The 400-Word Review: Ride Along 2

By Sean Collier

January 21, 2016

Beach bunnies.

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If the more than three hours of film that comprise Ride Along and its slapdash sequel, Ride Along 2, were distilled into one scene, it would be the following.

James (Ice Cube) and Ben (Kevin Hart) approach a strong, silent criminal. James asks him for information; before he can respond, Ben interrupts. Ben launches into a stream-of-consciousness monologue containing an elaborate metaphor that no one can follow. Then Ben trips over his gun and falls into a chicken coop. The criminal runs but is easily caught by James. Ben finds an ultimately inconsequential clue hidden in the chicken coop.

Can you picture that happening about 15 times across two films? Then you've imagined the Ride Along movies.

That's not necessarily to say that they're bad; in fact, they're often quite funny. Hart is a gifted physical performer, with command of seemingly outlandish motion (and expression) that recalls Jim Carrey's more slapstick moments. And while Ice Cube is not much of an actor, he's quite good at giving Kevin Hart exasperated glares, which is more or less all that's required of him.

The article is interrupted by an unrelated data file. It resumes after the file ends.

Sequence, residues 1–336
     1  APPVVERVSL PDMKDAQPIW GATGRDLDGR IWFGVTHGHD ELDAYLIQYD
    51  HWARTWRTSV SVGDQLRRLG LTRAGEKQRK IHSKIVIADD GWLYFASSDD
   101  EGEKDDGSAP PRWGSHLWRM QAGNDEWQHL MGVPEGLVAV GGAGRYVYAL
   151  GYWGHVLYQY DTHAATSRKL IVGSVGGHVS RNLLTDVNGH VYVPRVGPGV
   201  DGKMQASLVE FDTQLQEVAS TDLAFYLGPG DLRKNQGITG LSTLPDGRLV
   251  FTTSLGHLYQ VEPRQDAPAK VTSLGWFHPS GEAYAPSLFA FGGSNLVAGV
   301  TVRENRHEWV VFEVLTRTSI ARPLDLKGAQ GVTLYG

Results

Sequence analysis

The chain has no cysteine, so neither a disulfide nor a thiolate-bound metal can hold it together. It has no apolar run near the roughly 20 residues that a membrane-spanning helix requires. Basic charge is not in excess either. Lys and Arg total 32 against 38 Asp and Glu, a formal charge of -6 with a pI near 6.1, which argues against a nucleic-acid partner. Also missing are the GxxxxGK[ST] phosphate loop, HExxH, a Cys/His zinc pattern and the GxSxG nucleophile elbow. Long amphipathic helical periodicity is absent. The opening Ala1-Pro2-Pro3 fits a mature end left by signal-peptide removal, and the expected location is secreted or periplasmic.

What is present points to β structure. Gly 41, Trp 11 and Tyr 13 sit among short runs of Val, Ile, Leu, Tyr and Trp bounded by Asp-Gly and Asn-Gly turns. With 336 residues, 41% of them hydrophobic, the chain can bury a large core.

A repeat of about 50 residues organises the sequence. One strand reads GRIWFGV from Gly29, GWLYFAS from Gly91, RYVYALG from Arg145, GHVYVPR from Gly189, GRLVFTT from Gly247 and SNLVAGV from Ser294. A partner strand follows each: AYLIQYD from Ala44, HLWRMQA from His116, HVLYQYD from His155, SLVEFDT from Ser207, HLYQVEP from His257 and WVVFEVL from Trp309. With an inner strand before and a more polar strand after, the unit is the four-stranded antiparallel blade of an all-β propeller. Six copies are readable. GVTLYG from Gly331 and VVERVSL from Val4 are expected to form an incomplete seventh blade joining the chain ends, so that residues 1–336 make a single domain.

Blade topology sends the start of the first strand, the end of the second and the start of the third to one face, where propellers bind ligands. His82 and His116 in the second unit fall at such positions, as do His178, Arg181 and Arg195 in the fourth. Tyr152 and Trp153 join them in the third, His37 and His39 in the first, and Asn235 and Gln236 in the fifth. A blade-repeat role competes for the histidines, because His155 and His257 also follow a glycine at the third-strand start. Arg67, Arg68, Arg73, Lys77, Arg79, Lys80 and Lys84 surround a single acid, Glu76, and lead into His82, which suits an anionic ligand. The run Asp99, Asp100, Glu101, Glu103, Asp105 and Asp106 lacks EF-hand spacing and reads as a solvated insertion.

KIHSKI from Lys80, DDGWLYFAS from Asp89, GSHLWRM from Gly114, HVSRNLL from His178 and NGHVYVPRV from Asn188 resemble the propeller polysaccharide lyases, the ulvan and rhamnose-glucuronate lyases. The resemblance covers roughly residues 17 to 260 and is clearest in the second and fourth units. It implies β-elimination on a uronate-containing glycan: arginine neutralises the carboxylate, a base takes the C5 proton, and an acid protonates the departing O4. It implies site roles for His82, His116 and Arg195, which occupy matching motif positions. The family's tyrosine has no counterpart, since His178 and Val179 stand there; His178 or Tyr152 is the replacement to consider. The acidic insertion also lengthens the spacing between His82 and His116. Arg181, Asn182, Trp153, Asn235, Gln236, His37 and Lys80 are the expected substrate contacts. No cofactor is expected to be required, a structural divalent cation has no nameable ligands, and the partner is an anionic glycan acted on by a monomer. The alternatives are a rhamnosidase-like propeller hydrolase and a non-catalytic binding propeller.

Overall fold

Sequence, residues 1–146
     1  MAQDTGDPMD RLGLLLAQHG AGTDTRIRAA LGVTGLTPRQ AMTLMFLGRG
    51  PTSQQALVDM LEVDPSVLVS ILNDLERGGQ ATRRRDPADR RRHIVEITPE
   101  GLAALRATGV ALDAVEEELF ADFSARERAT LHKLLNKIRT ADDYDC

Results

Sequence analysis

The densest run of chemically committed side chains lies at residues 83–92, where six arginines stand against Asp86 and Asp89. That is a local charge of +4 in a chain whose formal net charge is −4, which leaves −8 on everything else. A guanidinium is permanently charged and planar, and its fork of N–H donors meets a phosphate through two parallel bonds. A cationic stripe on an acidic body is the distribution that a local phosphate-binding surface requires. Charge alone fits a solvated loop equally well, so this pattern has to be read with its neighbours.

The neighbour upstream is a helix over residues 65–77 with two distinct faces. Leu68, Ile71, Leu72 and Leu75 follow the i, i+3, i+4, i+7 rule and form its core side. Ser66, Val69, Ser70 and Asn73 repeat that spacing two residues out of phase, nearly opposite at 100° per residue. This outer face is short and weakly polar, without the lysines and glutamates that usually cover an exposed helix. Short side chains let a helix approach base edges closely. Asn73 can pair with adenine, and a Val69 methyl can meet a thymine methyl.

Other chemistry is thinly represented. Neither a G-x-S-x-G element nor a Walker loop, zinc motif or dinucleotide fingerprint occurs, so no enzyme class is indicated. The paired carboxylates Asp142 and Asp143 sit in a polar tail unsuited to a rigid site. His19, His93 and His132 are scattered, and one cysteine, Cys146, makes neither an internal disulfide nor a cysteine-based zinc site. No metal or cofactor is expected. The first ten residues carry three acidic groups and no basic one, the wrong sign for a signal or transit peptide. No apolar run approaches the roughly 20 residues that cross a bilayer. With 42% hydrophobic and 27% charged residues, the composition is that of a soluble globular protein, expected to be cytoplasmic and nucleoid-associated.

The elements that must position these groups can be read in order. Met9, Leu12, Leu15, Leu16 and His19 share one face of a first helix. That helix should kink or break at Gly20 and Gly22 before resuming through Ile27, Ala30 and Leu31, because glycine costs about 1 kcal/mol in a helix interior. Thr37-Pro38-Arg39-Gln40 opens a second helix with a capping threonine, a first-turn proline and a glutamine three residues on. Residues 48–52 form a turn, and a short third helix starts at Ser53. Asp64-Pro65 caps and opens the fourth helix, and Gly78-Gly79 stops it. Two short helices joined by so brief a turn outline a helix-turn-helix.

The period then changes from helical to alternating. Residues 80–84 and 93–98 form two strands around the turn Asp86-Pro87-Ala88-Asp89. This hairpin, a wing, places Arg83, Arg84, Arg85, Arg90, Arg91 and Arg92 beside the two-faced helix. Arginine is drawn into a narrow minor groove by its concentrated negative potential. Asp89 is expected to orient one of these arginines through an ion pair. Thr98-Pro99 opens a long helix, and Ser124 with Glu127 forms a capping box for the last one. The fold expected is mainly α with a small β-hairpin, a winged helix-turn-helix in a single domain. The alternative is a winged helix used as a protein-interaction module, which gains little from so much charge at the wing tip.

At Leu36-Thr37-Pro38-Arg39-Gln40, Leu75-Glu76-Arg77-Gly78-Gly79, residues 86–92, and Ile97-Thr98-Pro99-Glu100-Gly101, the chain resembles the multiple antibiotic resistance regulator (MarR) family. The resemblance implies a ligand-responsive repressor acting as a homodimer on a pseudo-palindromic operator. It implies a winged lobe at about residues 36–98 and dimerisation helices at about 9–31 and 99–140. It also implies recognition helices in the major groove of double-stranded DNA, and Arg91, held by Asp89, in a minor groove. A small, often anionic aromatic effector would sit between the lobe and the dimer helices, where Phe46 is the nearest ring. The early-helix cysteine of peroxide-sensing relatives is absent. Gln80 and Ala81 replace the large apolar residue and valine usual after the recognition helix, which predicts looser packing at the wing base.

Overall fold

Little has changed since the events of Ride Along, when James tried to scare Ben away from pursuing a life in law enforcement, only to find Ben possessed a limited aptitude for crime solving. Now Ben's a rookie officer, still following James around in hopes of a career boost. He's about to marry James' sister, Angela (Tika Sumpter), who begs James to take Ben along on a Miami case; she needs Ben away from the wedding planner.


The pair head to South Beach to interview a computer hacker (Ken Jeong) with ties to Atlanta crime. With the help of local homicide detective Maya (Olivia Munn), though, they discover more than they reckoned with, to the tune of an international smuggling ring.

The action scenes in Ride Along 2 don't have the oomph to make up for the lack of laughs whenever they break out; I'm baffled as to why anyone thought that this movie needed a single serious moment. And Jeong and Munn, both funny performers, go more or less to waste; sure, they're funny, but Hart is talking and/or flailing in every scene, so no one else has room to get a word in. But it's Hart that made the first film its cash, and why mess with what works? Both films are fine for a cheap laugh.

My Rating: 6/10

Sean Collier is the Associate Editor of Pittsburgh Magazine and a member of the Broadcast Film Critics Association. Read more from Sean at



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